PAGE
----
There are few precedents to the magnitude, breadth and depth of the negative shocks currently facing the Euro area. On the supply side, the legacy of Covid-19 related disruptions was amplified by the most significant energy crisis in decades, as the geopolitical spill overs from the Russo-Ukrainian conflict materialized and negatively affected European utilities. On the demand side, the otherwise strong momentum from the post-pandemic economic re-opening last year is starting to falter, as high and rising inflation is depleting disposable incomes which dampens consumer as well as business sentiment.
As a result, the Euro area is being severely hit by a combination of low and slowing growth with high and rising inflation.
This creates a macroeconomic backdrop that is particularly challenging for monetary policymaking. High and rising inflation puts pressure on the European Central Bank (ECB) to lean “hawkish” and hike policy rates aggressively. Low and slowing growth magnifies the negative implications of tighter financial conditions, as it increases the cost of capital and widens Euro area inter-country risk premiums. This created a policy dilemma that so far kept the ECB on a “slow moving” stance, trailing the US Federal Reserve (Fed) and some other key central banks.
However, the latest ECB policy decision to hike rates by another 75 basis points (bps) was designed to start a process of aggressive tightenting. This is long time overdue as the gap between inflation and policy rates has widened to a level not seen in other historal periods. The ECB had ignored early warning signals and did not initiate the required “catch-up.” Consequently, the measures to be taken now to reduce a gap between 9.1% inflation in August and a policy rate of 0.75% have to be all the more drastic. In our view, similar to the Fed, but a few months later, the ECB is finally starting a journey to restore policy credibility despite the negative effects of the needed actions on growth. Three main facts support our argument.
First, inflation is not only well above the 2% target for the Euro area, but longer-term inflation expectations are de-anchoring rapidly. According to a flagship poll from the Zentrum für Europäische Wirtschaftsforschung, Leibniz Center for European Economic Research (ZEW) Institute in Mannheim, Germany, Euro area inflation expectations are around 4.5% in 2023 and 3% in 2024. This is already by far the most severe inflationary shock the Euro area has ever experienced in its more than 23 years of history. Taking Germany as a proxy for inflation during the pre-Euro era, last time inflation reached rates that were similar to August 2022 highs was in mid-1973. However, at this time the Bundesbank policy rate was at a similar level than inflation. This time, the spread between inflation and policy rates is so wide that the ECB has still a lot more “catch up” to do in terms of rate hikes.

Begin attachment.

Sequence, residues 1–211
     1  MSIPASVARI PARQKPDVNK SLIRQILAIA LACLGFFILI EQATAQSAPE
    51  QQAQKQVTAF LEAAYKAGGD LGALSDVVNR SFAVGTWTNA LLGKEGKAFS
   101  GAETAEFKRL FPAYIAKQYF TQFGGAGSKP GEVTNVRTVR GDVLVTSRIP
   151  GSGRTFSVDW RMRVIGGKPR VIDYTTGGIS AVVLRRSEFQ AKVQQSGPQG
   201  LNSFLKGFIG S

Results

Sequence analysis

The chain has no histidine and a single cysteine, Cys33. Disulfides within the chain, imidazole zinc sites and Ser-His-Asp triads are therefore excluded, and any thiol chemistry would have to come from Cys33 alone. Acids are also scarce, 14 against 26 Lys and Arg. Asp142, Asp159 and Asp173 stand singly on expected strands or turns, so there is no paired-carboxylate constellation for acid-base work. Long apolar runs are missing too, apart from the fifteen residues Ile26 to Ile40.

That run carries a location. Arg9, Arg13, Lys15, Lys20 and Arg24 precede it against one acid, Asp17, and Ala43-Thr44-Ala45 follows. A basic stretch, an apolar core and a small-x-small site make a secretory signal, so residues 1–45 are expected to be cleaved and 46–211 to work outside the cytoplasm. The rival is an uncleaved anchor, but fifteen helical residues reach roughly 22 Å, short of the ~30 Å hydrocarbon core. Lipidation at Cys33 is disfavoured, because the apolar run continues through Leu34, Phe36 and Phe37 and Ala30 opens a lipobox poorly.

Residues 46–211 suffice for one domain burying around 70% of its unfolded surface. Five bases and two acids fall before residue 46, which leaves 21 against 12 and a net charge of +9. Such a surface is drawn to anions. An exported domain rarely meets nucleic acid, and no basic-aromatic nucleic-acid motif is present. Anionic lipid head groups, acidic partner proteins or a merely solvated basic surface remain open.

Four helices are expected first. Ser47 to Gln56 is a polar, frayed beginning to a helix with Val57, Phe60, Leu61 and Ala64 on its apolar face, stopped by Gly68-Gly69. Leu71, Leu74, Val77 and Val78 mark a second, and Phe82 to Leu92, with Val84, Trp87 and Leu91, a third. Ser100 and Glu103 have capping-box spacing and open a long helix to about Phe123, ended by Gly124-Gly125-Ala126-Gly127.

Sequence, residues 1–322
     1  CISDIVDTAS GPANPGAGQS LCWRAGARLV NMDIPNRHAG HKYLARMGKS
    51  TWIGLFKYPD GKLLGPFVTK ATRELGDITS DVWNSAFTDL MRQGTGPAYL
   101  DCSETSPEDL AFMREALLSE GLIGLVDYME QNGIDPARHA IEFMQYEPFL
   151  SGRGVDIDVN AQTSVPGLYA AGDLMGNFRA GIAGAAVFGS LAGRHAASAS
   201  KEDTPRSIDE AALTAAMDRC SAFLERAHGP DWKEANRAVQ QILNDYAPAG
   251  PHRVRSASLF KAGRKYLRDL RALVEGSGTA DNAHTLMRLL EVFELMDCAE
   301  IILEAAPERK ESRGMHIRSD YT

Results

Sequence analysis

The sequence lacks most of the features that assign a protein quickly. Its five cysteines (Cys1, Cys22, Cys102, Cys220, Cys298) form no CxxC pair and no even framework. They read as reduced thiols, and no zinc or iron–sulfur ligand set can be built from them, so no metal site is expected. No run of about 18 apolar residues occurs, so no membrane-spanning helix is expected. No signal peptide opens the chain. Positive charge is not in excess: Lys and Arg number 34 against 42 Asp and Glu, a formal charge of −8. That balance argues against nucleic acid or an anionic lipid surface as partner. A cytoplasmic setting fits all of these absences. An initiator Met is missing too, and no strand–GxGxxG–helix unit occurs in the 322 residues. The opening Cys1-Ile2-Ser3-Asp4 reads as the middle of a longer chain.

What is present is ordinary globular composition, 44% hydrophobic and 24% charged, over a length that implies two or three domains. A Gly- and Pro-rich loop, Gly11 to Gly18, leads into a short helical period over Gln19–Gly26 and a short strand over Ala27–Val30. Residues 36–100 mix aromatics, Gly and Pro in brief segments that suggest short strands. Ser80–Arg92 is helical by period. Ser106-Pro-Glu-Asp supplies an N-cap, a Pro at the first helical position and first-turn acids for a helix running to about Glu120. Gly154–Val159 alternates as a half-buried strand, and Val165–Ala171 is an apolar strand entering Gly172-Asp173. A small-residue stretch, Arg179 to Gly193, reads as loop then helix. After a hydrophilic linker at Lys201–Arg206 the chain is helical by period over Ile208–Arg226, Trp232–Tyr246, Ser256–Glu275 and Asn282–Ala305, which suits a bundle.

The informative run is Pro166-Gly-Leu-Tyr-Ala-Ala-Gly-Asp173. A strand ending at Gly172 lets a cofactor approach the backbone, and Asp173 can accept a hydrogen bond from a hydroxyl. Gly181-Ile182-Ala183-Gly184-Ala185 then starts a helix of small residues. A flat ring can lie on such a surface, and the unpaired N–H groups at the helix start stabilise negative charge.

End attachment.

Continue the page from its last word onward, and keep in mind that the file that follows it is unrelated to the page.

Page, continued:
Second, Mediterranean countries of the South or the “periphery” of the Euro area, such as Greece, Italy and Spain, run wider fiscal deficits and accumulate higher levels of indebtedness than more fiscally conservative economies of the North (Germany, Austria, Belgium and the Netherlands). Therefore, Southern European economies are more vulnerable to a more aggressive tightening pivot from the ECB, as higher interest rates increase the debt burden, potentially creating unsustainable sovereign credit dynamics. Aggressive ECB driven interest rate hikes bear the risk of “fragmentation”, an economic dispersion between the North and the South within the Euro area. To prepare the ground for further interest rate hikes, the ECB has created so-called “anti-fragmentation” measures. These are measures that provide the re-allocation of additional ECB funds from the North to the South in case of further stress due to a hawkish monetary policy stance. We conclude from this that the ECB is well prepared to continue a journey of further rate increases in the mid to long-term.
Third, as the gap between US and Euro area policy rates widens, a capital flight towards the US dollar further weakens the EUR. To date, the US Fed rates range from 3-3.25%, versus 0.75% for the Euro area deposit rate. This adds to selling pressure on the EUR. In the absence of a meaningful cycle of ECB rate hikes, the EUR could depreciate further against the USD, adding to inflation pressures as the cost of imported goods increase. This is also in our view an indication that the ECB is well positioned to continue its rate hikes to narrow the interest rate differential to the US.
All in all, the ECB is under pressure to hike rates to be able to get inflation under control; a measure which is for the Fed as well as the ECB at this moment more important than economic growth. Conditions are in place for further aggressive actions from here, as inflation accelerates. In our view, the ECB will hike rates again by 75 bps in October and 50 bps in December, taking rates to 2% before the end of the year. We also expect further interest rate hikes throughout 2023 until the delta between actual inflation and interest rates narrows to an extent that prevents economic value destruction via negative real rates.